Bernadini Colt sells for $3.35 Million, Sets New Record

Bernadini Colt sells for $3.35 Million

In a world where a $30,000 claiming horse just won the Kentucky Derby, it’s kind of amazing to read that a new price record was set for a two-year old in training: $3.35 million. Yup, a two-year old son of Bernadini, Hip #385, just sold for more than 100x the cost of the Kentucky Derby winner, to Zedan Racing.

Rich Strike’s impressive win gave hope to the “little guys”, the folks who own one or two racehorses, the trainers who don’t have a string of stakes winners, the jockeys who ride at the smaller tracks. But in the rarified air in the top levels of racing, there are still owners willing to plunk down enormous sums of money for horses that may — or may not — live up to their purchase price.

The dark bay or brown New York-bred Bernadini colt worked an eighth in :9.4 during the Tuesday session of the under tack show.

The sale price is a new highwater mark for a Thoroughbred sold at public auction in the state of Maryland, eclipsing the previous record set at this sale in 2019, when Gamine sold for $1.8 million (Gamine won the Eclipse Award in 2020 and earned $1.7 million before retiring). Hip #385 is the highest-price offspring of Bernardini sold at public auction worldwide and is currently the most expensive Thoroughbred sold at public auction globally this year.

The dam of the record-breaking colt is G Note (sired by Medaglia d’Oro), who has already produced three winners. The second dam is Grade 2 winner Seeking the Ante, whose six foals are also all stakes winners.

“Anything can happen at Timonium, and it just did,” said Fasig-Tipton Midlantic Sales Director Paget Bennett, on the sale topper. “It just goes to show people can feel confident about bringing that type of horse to the marketplace here in Maryland…. With the :9.4 work and the Bernardini and the New York-bred, (Hip 385) had all the ingredients for it to go to seven figures.”

Three other two year olds tied for the session’s second-highest price, including:

  • Hip 364, a colt by popular first-crop sire Bolt d’Oro, sold for $500,000 to Holly and David Wilson from the consignment of Kings Equine, agent. The dark bay or brown colt is out of the stakes winning Bernardini mare Forever Discreet (AUS), a daughter of group stakes winner She’s Discreet, who produced 13 winners from as many to race, including multiple stakes winners and stakes winner-producers. Hip 364 worked an eighth in :10 flat during the Wednesday session of the under tack show (video).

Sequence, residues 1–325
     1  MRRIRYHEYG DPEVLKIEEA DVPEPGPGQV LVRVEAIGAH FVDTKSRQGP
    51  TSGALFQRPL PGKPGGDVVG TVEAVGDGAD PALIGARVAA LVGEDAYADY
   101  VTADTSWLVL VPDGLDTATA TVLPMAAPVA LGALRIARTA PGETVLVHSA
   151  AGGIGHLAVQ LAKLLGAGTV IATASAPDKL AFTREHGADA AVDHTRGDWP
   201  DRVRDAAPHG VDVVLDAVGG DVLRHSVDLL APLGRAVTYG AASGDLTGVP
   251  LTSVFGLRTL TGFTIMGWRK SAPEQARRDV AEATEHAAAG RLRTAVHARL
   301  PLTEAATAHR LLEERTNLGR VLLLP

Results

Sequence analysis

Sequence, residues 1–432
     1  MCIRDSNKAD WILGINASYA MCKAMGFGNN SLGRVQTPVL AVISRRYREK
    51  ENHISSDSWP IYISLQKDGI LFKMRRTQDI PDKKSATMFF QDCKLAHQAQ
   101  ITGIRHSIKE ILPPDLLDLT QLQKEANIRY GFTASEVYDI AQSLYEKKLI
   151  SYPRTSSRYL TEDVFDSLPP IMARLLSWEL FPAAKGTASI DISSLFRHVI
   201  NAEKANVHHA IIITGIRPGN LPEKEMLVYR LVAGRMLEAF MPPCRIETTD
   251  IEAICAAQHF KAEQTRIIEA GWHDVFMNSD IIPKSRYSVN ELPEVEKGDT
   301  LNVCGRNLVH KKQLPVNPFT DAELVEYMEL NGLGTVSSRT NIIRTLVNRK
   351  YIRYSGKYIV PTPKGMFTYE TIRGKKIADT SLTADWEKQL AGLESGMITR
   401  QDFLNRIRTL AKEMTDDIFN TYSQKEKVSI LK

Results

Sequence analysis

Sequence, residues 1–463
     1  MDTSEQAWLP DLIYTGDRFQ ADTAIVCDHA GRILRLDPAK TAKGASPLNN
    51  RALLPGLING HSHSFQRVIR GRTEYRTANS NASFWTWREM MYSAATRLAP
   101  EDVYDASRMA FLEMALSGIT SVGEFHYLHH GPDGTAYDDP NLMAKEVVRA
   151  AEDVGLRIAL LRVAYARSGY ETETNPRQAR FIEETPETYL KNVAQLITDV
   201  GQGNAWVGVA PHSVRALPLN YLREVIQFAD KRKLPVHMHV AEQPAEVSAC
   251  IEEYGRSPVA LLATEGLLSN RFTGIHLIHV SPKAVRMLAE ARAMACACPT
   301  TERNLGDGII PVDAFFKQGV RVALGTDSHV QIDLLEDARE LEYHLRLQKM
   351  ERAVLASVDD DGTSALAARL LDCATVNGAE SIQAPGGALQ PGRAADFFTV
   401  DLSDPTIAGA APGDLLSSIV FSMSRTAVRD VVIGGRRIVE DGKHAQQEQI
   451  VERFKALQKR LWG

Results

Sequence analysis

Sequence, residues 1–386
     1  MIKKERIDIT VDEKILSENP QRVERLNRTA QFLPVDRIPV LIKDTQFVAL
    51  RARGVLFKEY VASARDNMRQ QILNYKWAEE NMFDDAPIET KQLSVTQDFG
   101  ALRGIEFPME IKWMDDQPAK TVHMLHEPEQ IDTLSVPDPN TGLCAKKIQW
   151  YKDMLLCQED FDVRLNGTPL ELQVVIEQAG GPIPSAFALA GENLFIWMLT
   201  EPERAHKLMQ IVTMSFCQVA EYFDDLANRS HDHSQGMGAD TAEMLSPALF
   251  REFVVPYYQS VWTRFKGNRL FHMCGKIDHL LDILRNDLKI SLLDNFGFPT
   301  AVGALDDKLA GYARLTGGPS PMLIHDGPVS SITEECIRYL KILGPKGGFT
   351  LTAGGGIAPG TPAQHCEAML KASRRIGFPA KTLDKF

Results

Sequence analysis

• Hip 443, a filly by Triple Crown hero American Pharoah, sold for $500,000 to Cherie Devaux, agent from the consignment of McKathan Bros., agent. The chestnut filly is the second foal out of Grade 3 winner, multiple Grade 2 placed Jordan’s Henny (Henny Hughes). Bred in Kentucky by Erv Woolsey and Ralph Kinder, Hip 443 worked an eighth in :10 flat during the Thursday session of the under tack show (video).
  • Hip 487, a filly by the late Malibu Moon, sold for $500,000 to Maddie Mattmiller, agent for J. Kinchen and Black Type TB, from the consignment of Wavertree Stables, agent. The gray or roan filly is out the winner Unbridled’s Song mare Lorelei True, a half-sister to Grade 2 winner Sparky Ville, from the immediate family of Grade 1 winners Harmony Lodge, Magnum Moon, and Pinehurst. Hip 487 worked an eighth in :10 2/5 during the Thursday session of the under tack show (video).

Over the course of two days, 391 horses sold for $37,297,700, up 10.7 percent from the previous record of $33,692,000, set last year. According to Horse Racing Sense, The average price for a two-year-old thoroughbred in training is $94,247, and the average cost for a yearling is $84,722.

The most expensive racehorse ever was Fusaichi Pegasus. He sold for $4 million as a yearling and then sold for $68 million after winning the Kentucky derby and five other races. He won close to $3 million while racing but his “real” value was expected to be at stud. Sadly, his progeny did not perform well and his stud fee dropped to just $7500 in 2020. In comparison, American Pharoah’s stud fee is $200,000 and Tapit’s is $300,000. Bu

in 2020 his stud fee was reduced to $ 7,500. For comparison, American Pharoah’s stud fees start at $200,000, and Tapit demands $300,000. Gun Runner, one of the most sought after sires in 2022 (and who sired Preakness winner Early Voting), stands for $125,000, up from $50,000 in 2021.

Not sure how the math works for those very expensive 2-year olds. It will be interesting to see whether the Bernadini colt ends up being a Triple Crown contender next year.

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